Predicting esophagitis after chemoradiation therapy for non-small cell lung cancer: an individual patient data meta-analysis

David A Palma, Suresh Senan, Cary Oberije, Jose Belderbos, Nuria Rodriguez de Dios, Jeffrey D Bradley, R Bryan Barriger, Marta Moreno-Jimenez, Tae Hyun Kim, Sara Ramella, Sarah Jane Everitt, Ramesh Rengan, Lawrence B Marks, Kim De Ruyck, Andrew Warner, George Rodrigues

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PURPOSE: Concurrent chemoradiation therapy (CCRT) improves survival compared with sequential treatment for locally advanced non-small cell lung cancer, but it increases toxicity, particularly radiation esophagitis (RE). Validated predictors of RE for clinical use are lacking. We performed an individual-patient-data meta-analysis to determine factors predictive of clinically significant RE. METHODS AND MATERIALS: After a systematic review of the literature, data were obtained on 1082 patients who underwent CCRT, including patients from Europe, North America, Asia, and Australia. Patients were randomly divided into training and validation sets (2/3 vs 1/3 of patients). Factors predictive of RE (grade>/=2 and grade>/=3) were assessed using logistic modeling, with the concordance statistic (c statistic) used to evaluate the performance of each model. RESULTS: The median radiation therapy dose delivered was 65 Gy, and the median follow-up time was 2.1 years. Most patients (91 ) received platinum-containing CCRT regimens. The development of RE was common, scored as grade 2 in 348 patients (32.2 ), grade 3 in 185 (17.1 ), and grade 4 in 10 (0.9 ). There were no RE-related deaths. On univariable analysis using the training set, several baseline factors were statistically predictive of RE (P.60). On multivariable analysis, the esophageal volume receiving >/=60 Gy (V60) alone emerged as the best predictor of grade>/=2 and grade>/=3 RE, with good calibration and discrimination. Recursive partitioning identified 3 risk groups: low (V60/=17 ). With use of the validation set, the predictive model performed inferiorly for the grade>/=2 endpoint (c=.58) but performed well for the grade>/=3 endpoint (c=.66). CONCLUSIONS: Clinically significant RE is common, but life-threatening complications occur in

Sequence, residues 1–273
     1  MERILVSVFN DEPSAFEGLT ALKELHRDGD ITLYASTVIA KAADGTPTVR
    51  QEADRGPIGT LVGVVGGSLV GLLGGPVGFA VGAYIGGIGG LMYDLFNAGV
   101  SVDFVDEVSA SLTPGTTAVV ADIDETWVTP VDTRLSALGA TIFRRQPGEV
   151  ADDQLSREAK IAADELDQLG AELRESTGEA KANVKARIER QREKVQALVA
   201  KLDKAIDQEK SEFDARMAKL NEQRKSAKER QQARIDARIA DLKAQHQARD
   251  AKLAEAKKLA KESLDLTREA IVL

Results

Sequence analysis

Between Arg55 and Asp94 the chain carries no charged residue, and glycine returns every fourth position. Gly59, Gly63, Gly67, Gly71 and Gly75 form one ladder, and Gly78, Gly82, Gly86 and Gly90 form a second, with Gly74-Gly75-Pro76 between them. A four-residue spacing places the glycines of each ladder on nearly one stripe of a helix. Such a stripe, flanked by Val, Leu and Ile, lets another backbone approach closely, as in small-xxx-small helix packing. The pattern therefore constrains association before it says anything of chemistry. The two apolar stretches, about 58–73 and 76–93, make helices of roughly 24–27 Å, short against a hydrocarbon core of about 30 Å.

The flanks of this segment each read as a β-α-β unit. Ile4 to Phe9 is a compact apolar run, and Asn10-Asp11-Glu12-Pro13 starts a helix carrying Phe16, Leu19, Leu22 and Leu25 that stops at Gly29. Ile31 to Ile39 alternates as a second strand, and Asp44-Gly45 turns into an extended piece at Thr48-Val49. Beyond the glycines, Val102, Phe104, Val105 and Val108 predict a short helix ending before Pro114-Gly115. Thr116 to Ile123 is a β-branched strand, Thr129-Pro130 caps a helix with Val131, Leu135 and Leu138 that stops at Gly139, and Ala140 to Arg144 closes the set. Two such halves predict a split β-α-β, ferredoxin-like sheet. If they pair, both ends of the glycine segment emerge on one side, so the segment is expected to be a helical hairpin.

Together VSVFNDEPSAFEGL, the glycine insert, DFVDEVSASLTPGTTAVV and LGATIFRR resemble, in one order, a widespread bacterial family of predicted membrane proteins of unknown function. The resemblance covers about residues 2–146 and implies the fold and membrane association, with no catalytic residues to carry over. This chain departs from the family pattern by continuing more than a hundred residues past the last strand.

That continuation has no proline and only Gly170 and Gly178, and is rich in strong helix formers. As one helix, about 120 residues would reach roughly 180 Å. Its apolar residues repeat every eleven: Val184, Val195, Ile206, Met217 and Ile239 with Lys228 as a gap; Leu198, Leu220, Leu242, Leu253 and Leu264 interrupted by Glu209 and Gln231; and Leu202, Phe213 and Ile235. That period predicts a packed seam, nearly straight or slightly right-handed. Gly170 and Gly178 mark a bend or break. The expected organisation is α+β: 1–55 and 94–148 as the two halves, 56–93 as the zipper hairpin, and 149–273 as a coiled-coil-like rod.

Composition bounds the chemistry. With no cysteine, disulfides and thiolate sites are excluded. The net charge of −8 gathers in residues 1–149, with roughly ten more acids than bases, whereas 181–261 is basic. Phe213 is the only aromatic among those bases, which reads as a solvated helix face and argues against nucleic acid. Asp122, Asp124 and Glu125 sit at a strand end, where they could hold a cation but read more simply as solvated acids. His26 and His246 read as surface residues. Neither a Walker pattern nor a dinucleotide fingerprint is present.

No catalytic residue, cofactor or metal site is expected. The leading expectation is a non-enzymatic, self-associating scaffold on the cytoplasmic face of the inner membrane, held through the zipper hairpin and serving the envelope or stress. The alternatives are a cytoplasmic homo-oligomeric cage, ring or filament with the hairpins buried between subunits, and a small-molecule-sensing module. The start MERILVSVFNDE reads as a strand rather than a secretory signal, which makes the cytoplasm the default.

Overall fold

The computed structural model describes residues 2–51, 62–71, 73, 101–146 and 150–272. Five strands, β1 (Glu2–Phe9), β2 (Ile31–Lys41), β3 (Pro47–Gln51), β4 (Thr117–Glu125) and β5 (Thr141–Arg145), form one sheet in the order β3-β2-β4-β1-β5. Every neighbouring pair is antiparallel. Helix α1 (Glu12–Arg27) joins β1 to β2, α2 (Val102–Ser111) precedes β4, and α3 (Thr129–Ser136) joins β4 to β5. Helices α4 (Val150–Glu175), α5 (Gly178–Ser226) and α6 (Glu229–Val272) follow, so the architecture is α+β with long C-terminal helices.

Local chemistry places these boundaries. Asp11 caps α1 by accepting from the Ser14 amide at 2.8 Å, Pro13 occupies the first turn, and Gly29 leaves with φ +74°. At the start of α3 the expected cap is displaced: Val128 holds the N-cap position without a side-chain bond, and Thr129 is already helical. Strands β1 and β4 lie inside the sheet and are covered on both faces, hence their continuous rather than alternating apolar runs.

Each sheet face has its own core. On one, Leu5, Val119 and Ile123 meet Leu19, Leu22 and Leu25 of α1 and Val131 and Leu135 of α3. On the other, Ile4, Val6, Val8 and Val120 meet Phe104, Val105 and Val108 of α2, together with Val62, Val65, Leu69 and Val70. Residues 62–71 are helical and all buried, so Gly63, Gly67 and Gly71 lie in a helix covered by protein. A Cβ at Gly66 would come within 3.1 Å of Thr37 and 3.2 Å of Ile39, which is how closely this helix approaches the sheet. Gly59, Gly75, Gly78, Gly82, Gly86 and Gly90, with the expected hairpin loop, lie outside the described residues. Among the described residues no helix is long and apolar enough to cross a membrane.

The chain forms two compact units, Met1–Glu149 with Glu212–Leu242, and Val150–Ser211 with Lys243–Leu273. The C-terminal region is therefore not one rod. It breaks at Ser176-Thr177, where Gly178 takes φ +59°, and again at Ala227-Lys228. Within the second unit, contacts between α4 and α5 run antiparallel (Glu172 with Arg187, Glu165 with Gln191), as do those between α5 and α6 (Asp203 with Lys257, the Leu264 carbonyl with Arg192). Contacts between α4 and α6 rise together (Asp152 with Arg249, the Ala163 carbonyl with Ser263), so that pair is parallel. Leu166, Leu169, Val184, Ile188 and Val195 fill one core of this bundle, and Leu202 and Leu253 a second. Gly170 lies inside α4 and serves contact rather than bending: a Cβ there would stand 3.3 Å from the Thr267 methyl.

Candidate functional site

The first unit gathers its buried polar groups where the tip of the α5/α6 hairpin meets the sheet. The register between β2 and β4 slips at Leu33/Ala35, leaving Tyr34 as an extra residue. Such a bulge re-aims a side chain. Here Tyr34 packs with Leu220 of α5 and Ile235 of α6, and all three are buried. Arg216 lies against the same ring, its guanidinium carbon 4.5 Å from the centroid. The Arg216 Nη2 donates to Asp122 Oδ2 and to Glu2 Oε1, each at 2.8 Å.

Original languageEnglish
Pages (from-to)690 - 696
Number of pages7
JournalInternational Journal of Radiation Oncology, Biology, Physics
Issue number4
Publication statusPublished - 2013

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